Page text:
Booze, prostitutes, gangsters and gaffes: why Japan’s politicians have had to fall on their swords
Scandals continue to be synonymous with politics in Japan
The resignation on Wednesday of Tokyo Governor Yoichi Masuzoe makes him merely the latest Japanese politician to fall on his sword after being linked to behaviour not considered compatible with his position.
In Masuzoe’s case, the shenanigans were financial, with an investigative panel that he himself convened determining that while his spending of political funds on personal items was not illegal, it was most certainly “improper”.
Receipts that the governor submitted for reimbursement included works of art and, oddly, a set of children’s pyjamas.
Combined with earlier allegations of his lavish outlays on hotels and first-class flights for trips linked to his position as governor, it was too much even for his allies in the Tokyo assembly.
And as the former Governor packs up the mementoes of his two years and four months in office, he might ponder on the ranks of fellow resignees that he is joining.
In August last year, for example, Takaya Muto resigned from the ruling Liberal Democratic Party (LDP) after it was revealed that he had convinced 23 people into giving him Y40 million (HK$2.92 million) for shares in a software company that he claimed he would be able to access before they went on sale because he was a member of the Diet. The shares were never purchased and many of the investors never received their money back.
Things went from bad to worse for Muto, who stayed on in the Lower House as an independent politician, after it later emerged that he had been paying a male prostitute for assignations, including on one occasion at the residential complex for politicians in central Tokyo.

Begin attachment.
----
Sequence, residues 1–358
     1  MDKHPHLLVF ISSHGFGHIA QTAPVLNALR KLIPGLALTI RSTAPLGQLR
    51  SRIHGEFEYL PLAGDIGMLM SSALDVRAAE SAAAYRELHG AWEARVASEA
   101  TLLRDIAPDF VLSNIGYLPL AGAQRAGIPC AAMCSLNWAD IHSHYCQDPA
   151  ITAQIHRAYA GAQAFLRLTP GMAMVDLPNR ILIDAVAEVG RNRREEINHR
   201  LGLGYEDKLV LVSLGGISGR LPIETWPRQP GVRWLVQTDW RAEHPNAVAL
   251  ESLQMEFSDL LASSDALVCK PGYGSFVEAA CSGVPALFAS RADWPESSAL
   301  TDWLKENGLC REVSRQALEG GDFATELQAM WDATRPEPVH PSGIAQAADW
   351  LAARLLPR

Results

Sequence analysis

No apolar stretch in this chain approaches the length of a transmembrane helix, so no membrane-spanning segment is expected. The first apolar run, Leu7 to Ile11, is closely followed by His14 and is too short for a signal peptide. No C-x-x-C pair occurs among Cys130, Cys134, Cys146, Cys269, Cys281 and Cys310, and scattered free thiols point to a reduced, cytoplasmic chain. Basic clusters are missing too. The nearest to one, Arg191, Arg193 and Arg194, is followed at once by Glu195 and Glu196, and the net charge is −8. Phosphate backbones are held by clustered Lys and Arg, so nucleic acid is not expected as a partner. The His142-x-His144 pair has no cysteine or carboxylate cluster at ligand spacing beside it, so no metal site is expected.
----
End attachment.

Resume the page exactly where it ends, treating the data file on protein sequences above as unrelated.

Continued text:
If Muto’s embarrassment was personal, Shoichi Nakagawa was accused of shaming the entire Japanese nation.
The minister of finance was in Rome in February 2009 for a meeting of his counterparts from the Group of Seven and slurred his way through a subsequent press conference.
Nakagawa – a renown drinker – blamed his condition on a combination of jet lag and cold medicine but the damage was done. He resigned three days later.
Less than eight months later, he was found dead, at the age of 56, at his home in Tokyo. It has been suggested that he committed suicide.
Tadahiro Matsushita chose a similar course of action in September 2012, shortly before a tabloid magazine was to publish an expose of the financial services minister’s extra-marital affair.
And we don’t have to go too far back for the previous ministerial suicide, with Toshikatsu Matsuoka hanging himself in May 2007, just before he was due to be questioned in the Diet over allegations of corruption.
Coupled with money and women, Japan’s underworld has been a cause for more than one politician to resign. In October 2012, for example, Justice Minister Keishu Tanaka stepped down after less than a month in office after it was reported that he had links with one of Japan’s notorious yakuza groups – transnational organised crime syndicates – and had accepted political donations from a foreign national, which is forbidden under Japanese law.
Others, however, have managed to hang on to their political careers – albeit largely in the background – after being accused of inappropriate behaviour.
Yoichi Miyazawa, for instance, had a lot of explaining to do in October 2014 when it emerged that his political funds management office had spent Y18,230 (HK$1,335) at an S&M bar in his Hiroshima constituency. Miyazawa, the trade and industry minister, denied knowing anything about the payment, which had been billed as an “entertainment expense”.
Similarly, Reconstruction Minister Tsuyoshi Takagi overcame allegations of both misusing official funds and stealing women’s underwear, while Kazuya Maruyama, a member of the LDP, defied demands that he resign after commenting in the Diet, “Today, America has a black person as president. This is a person who has inherited black people’s blood. Frankly speaking, they were slaves.”